Written by Chris Whitehead
Professor of Museology, Newcastle University

Thinking about Co-production

A common impulse in engaging with migration is to work with stakeholder communities to ‘co-produce’ displays. This ensures that non-official voices can be heard and can give a number of benefits to the communities involved, such as providing new skills and fostering a sense of participation and official representation. Co-production is also a way of avoiding the liabilities of the museum speaking for others, through a process of speaking with communities.

Co-production is used in the museum for a number of purposes, including to:

  • challenge the conventional balance of power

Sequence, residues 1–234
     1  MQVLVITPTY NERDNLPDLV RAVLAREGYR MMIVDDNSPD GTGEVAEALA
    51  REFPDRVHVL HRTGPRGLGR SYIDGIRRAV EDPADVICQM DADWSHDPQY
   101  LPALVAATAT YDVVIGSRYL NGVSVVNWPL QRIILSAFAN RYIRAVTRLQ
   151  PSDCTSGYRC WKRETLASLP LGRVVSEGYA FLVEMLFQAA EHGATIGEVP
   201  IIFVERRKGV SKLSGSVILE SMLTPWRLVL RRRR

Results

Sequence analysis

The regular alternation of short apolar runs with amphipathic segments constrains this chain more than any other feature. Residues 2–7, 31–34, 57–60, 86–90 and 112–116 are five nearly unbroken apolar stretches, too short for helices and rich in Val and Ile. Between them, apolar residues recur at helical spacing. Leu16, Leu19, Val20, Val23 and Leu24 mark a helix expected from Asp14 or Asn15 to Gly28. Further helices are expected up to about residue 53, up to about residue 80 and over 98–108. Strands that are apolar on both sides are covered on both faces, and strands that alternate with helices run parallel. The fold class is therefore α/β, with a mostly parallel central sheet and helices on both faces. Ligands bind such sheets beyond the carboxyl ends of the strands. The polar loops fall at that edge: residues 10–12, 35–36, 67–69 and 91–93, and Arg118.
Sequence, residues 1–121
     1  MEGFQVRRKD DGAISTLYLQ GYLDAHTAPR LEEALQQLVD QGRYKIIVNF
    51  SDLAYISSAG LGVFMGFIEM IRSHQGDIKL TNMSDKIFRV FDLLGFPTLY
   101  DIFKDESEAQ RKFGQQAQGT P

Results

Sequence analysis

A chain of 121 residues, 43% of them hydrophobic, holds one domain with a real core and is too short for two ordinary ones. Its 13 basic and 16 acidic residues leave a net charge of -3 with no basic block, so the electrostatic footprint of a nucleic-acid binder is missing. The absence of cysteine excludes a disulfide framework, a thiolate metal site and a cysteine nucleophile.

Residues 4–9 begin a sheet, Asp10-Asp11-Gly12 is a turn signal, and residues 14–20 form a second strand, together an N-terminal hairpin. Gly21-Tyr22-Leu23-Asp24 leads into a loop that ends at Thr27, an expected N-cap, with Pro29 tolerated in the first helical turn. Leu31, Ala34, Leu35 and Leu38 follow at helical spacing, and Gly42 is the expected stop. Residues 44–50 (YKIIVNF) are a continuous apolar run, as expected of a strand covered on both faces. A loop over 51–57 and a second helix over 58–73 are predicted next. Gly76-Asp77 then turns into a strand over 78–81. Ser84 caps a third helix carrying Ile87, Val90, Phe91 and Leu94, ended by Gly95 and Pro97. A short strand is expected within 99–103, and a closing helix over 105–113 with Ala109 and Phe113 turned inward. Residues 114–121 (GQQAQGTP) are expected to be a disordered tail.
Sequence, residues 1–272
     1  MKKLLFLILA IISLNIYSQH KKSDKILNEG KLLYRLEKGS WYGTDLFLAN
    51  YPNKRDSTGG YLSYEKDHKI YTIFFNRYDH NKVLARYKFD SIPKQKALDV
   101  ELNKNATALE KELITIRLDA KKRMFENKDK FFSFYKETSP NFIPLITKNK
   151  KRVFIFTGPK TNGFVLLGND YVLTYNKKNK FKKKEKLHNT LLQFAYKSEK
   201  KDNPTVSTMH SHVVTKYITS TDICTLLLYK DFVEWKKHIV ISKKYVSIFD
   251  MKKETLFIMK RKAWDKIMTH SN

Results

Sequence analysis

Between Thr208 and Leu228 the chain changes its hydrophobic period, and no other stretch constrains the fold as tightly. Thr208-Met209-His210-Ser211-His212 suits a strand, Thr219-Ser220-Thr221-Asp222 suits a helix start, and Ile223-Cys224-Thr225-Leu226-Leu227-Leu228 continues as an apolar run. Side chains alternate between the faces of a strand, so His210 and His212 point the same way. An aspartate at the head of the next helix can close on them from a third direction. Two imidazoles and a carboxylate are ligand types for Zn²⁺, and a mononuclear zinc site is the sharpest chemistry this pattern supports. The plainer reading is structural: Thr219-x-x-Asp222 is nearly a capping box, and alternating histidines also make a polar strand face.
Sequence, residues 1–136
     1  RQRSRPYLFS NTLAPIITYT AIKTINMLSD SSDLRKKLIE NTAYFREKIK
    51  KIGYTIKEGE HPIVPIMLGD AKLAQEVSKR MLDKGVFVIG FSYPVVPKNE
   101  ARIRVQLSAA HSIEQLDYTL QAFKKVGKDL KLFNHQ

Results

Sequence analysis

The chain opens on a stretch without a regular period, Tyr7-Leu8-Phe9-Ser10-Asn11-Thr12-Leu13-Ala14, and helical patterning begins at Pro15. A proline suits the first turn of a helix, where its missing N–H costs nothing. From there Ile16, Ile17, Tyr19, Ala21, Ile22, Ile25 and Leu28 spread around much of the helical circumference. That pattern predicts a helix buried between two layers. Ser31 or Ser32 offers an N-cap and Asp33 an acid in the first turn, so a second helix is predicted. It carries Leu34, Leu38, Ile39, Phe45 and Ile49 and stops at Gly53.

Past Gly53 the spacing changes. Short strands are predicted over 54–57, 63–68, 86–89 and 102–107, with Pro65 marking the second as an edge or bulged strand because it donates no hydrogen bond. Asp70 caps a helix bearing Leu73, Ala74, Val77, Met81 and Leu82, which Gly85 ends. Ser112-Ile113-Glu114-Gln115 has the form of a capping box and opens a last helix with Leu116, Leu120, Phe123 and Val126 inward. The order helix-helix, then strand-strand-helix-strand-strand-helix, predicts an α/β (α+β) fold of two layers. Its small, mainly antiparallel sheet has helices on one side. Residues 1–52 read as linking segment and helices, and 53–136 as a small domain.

• broaden bases of representation or expertise
  • introduce new voices and new knowledge;
  • develop relevance to stakeholders
  • provide new forms of engagement for different communities
  • provide new forms of interpretation and resources for visitors
  • democratise heritage and enable greater inclusivity.

REMEMBER: Co-production can be defined as a ‘process of predicting some form or aspect of cultural heritage (that is) deliberately shared/distributed beyond the usual institutional players’.

View and download the planning exercise worksheet Download.